Guest Blog: Technical Writing in the Pharmaceutical Industry

by Kellie McDermott, Spring 2016 WKU Professional Writing Graduate and current technical writing for Piramal Pharma Solutions in Lexington, Kentucky

Originally posted on the Piramal Pharma Solutions blog on Oct. 31, 2016

 


 

 

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Technical writing is not a new idea. Any type of communication written for and about industry and business with a focus on products and/or services is technical writing. Almost everyone within a company has written a form of technical document – from the résumé that was submitted to gain employment to the email sent to a co-worker to writing an investigative report. According to a survey of business leaders, as many as two-thirds of salaried employees have some writing responsibility, and all employees must have writing ability, especially with the increase in company email communication.

Technical writing skills are extremely important for any industry, but even more so when manufacturing pharmaceutical drugs. In this industry, if a batch record step is unclear or contains a mistake, it could have several types of negative consequences. Product could be unusable and clients could be lost if the mistake is caught. Employees could be hurt and lawsuits filed. Or, worse, the mistake could escape attention and end up impacting a patient, causing harm or death. The importance of good technical writing cannot be ignored as the science of pharmaceutical drug manufacturing depends on clear and accurate reporting. An otherwise meticulous document can appear flawed if it is poorly written, wasting company time and resources.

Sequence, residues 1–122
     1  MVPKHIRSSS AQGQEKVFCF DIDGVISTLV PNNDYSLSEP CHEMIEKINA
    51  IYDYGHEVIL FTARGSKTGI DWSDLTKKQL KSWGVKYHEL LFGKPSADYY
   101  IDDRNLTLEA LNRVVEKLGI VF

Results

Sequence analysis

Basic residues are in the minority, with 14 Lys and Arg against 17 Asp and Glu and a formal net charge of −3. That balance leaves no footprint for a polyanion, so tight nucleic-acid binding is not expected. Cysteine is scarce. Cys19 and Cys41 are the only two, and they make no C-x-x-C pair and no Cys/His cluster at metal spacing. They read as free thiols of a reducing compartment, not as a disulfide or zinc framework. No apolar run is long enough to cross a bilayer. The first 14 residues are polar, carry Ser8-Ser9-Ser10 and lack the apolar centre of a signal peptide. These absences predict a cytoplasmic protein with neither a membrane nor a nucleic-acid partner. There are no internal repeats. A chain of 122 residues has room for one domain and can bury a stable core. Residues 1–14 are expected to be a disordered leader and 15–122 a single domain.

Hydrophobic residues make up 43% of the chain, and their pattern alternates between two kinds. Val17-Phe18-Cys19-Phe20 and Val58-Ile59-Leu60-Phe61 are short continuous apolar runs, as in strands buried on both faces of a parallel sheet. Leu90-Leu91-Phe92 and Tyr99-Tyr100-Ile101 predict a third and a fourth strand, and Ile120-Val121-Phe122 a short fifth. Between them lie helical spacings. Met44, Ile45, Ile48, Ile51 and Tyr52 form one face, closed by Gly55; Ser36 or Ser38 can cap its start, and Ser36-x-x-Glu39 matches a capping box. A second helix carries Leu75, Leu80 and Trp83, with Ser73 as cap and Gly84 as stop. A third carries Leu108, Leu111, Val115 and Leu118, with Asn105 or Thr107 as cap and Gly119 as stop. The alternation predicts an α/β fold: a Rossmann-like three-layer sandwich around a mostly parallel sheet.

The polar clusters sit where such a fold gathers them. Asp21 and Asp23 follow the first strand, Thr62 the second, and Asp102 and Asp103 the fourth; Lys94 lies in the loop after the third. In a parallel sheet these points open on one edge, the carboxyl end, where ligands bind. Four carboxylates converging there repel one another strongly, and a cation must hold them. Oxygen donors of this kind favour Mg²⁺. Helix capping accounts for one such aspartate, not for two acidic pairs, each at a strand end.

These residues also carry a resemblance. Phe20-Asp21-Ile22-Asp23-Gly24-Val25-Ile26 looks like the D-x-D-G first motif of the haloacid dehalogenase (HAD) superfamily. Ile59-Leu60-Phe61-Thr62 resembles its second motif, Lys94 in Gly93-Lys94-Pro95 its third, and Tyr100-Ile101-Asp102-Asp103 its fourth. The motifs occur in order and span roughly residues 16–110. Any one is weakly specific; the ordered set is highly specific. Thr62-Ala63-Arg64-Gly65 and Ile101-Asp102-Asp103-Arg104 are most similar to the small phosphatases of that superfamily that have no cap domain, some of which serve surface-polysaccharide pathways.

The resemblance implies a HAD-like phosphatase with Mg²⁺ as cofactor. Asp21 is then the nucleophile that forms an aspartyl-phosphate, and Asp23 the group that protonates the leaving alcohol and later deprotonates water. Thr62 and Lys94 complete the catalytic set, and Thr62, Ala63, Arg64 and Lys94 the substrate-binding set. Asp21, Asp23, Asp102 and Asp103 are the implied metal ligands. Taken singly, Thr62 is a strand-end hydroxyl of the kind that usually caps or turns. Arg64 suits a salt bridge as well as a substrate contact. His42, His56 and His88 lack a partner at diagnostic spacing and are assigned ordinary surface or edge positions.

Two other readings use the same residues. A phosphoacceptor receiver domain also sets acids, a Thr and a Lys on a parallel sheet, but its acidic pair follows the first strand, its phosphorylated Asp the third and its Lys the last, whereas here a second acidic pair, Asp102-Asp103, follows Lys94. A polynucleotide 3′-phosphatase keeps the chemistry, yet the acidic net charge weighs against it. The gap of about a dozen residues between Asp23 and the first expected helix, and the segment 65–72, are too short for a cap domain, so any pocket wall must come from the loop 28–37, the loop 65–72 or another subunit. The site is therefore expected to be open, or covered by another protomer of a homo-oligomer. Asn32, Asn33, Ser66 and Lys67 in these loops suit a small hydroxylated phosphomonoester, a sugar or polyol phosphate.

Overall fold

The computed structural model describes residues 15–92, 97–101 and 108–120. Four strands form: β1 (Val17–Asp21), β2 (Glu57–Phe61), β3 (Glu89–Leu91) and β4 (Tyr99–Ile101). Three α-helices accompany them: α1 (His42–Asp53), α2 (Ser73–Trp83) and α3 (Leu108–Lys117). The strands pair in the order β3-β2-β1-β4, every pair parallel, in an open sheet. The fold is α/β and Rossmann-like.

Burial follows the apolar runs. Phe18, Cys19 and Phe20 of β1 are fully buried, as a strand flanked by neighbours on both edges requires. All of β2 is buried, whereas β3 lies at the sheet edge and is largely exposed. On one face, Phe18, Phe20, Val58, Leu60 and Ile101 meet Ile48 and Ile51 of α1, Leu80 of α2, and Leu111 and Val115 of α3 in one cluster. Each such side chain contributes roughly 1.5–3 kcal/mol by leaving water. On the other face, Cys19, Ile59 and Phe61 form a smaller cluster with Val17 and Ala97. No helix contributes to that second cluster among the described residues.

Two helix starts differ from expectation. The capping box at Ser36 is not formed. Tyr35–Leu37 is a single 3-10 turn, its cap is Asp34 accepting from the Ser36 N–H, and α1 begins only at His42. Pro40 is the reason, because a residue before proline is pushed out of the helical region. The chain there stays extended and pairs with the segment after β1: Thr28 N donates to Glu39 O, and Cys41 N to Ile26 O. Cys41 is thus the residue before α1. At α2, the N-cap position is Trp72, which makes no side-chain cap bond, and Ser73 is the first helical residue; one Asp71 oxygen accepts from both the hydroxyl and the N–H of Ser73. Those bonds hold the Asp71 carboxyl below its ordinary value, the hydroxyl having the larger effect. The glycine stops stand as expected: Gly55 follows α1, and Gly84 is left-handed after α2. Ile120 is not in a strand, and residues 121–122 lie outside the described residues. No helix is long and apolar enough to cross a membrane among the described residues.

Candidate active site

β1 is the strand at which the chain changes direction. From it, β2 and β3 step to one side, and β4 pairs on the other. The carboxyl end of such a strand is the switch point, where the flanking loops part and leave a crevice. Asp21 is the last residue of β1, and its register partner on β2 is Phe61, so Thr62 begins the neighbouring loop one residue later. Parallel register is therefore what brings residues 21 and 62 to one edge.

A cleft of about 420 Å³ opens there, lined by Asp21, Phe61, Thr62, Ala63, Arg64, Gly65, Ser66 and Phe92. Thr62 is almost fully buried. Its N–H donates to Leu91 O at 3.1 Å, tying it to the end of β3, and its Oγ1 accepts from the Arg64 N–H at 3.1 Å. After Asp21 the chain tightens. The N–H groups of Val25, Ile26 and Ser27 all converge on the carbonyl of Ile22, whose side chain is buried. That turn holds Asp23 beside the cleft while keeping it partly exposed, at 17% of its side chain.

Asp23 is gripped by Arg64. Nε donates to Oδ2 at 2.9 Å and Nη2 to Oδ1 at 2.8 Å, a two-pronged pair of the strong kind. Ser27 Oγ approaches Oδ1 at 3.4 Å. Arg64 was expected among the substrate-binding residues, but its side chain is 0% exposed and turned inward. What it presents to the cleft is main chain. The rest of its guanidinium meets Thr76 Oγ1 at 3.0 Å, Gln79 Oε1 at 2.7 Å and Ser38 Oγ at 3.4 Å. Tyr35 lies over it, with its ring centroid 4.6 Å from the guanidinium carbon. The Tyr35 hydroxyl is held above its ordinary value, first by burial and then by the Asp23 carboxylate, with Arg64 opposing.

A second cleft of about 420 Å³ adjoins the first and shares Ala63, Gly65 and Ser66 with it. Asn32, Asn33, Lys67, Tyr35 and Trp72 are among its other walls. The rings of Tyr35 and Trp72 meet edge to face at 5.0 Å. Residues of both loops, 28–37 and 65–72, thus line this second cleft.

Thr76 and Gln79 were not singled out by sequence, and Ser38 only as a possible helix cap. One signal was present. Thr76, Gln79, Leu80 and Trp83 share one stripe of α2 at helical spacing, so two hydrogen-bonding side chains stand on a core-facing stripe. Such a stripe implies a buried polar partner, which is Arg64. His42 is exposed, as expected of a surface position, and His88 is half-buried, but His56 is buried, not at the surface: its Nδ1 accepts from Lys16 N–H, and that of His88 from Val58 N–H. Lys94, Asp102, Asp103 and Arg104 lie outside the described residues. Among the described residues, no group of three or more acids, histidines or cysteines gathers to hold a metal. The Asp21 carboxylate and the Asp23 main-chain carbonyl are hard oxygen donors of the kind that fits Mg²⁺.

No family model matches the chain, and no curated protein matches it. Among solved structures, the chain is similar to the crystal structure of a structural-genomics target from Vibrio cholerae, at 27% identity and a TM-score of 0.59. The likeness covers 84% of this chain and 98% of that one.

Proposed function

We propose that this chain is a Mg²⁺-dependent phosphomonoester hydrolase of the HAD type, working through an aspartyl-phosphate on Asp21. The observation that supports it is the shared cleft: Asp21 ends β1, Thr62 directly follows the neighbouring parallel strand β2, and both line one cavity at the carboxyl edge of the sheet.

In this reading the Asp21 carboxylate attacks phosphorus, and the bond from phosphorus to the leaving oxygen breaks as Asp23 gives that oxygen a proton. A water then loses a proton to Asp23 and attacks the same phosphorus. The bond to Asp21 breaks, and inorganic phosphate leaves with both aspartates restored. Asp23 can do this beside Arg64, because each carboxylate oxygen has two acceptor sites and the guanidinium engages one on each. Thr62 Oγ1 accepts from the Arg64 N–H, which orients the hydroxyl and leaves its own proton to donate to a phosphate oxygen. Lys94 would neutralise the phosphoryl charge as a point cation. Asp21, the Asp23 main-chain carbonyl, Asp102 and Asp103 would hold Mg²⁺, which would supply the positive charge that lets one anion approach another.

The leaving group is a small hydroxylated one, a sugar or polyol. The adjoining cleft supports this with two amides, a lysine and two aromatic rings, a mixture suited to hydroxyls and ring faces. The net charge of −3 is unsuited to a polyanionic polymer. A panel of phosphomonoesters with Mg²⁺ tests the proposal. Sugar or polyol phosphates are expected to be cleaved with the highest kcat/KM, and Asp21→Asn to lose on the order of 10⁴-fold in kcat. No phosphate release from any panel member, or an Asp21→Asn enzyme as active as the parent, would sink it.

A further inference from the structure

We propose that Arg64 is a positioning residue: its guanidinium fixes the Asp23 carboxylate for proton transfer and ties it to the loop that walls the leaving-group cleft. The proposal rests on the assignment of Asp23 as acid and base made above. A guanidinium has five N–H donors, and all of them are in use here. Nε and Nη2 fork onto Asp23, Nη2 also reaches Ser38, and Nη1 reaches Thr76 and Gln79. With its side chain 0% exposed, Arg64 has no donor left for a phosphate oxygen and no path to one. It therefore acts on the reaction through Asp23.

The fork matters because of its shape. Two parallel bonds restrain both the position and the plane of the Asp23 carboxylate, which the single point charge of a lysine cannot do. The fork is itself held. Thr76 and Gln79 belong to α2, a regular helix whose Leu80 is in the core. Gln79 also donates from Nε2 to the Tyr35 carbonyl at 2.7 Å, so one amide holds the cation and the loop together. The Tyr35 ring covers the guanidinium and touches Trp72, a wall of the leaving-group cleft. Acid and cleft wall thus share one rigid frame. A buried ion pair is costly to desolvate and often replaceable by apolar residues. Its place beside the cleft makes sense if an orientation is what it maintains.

It is difficult, however, to find employees who have content knowledge of their profession and also the skills needed to write a technical document. It is even rarer to find an employee who has taken a course in technical writing, and, as many colleges do not offer technical writing as a concentration in the English department, it is even harder to find an employee who has a degree in technical writing. With this information, it is not hard to believe the statistic that one-fourth of college graduates are not only poor writers, but lack proper communication skills altogether.

The Journal for Quality and Participation reports on several companies that lost big when it came to poor writing. Computer company Coleco eventually went out of business when customers who purchased its new line of computers found the instruction manual unreadable and returned the items. An oil company spent thousands of dollars to develop a new pesticide that had been written five years earlier by a technician in the same company but was so poorly written no one finished the report. A nuclear plant sent in a sales order for “ten foot long lengths” and instead of getting the ten-foot lengths they wanted, they instead received ten one-foot lengths. And, the list goes on.